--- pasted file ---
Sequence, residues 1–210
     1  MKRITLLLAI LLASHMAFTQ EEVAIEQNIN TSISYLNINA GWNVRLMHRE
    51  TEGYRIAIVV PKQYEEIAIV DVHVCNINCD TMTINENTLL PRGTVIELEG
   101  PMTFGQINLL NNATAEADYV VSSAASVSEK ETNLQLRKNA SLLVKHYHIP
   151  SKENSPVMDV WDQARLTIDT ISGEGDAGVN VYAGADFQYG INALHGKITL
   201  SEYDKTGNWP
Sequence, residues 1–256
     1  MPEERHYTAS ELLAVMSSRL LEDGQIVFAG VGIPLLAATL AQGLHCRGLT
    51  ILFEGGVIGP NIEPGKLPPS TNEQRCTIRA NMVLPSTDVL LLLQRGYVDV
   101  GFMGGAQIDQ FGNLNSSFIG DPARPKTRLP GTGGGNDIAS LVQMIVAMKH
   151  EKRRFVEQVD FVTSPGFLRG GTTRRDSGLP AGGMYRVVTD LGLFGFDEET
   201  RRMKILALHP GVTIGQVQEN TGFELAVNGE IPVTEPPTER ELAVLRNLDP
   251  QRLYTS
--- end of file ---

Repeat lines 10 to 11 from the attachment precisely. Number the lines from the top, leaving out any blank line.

   101  GFMGGAQIDQ FGNLNSSFIG DPARPKTRLP GTGGGNDIAS LVQMIVAMKH
   151  EKRRFVEQVD FVTSPGFLRG GTTRRDSGLP AGGMYRVVTD LGLFGFDEET